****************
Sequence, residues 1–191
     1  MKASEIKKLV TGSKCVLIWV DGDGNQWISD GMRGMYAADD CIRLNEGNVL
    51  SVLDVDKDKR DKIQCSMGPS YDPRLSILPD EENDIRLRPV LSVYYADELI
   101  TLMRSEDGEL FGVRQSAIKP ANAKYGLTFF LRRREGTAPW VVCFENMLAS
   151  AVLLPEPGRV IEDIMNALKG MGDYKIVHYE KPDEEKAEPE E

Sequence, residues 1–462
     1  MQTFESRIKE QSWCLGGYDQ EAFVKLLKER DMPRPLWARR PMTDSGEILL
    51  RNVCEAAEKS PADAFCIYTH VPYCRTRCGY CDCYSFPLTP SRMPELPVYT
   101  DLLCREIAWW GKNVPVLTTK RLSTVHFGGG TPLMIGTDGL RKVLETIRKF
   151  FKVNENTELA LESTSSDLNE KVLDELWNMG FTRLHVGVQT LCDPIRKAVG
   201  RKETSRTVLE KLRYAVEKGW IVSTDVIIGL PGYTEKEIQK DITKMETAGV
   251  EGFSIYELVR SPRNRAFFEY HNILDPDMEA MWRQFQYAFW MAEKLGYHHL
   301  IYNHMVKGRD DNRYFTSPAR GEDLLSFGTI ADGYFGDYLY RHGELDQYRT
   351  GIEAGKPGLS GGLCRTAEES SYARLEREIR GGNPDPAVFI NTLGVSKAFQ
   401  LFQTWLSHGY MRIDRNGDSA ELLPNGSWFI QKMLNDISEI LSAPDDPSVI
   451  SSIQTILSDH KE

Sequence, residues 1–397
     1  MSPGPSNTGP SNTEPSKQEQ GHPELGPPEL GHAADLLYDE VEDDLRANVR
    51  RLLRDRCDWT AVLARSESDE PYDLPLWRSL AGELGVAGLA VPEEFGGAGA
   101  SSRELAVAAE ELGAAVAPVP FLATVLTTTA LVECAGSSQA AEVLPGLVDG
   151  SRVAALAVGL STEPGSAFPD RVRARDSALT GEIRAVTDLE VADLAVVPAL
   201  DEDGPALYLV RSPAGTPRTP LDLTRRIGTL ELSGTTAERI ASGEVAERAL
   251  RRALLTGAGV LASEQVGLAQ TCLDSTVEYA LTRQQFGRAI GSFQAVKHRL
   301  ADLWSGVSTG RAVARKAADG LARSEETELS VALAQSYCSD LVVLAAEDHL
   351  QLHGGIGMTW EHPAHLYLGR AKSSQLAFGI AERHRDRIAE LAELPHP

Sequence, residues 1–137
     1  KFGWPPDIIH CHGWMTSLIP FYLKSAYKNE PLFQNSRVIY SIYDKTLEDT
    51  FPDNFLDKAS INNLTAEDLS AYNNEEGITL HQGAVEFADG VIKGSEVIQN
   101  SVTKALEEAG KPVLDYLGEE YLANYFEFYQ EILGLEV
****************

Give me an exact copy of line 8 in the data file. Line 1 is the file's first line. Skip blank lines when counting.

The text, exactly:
    51  RNVCEAAEKS PADAFCIYTH VPYCRTRCGY CDCYSFPLTP SRMPELPVYT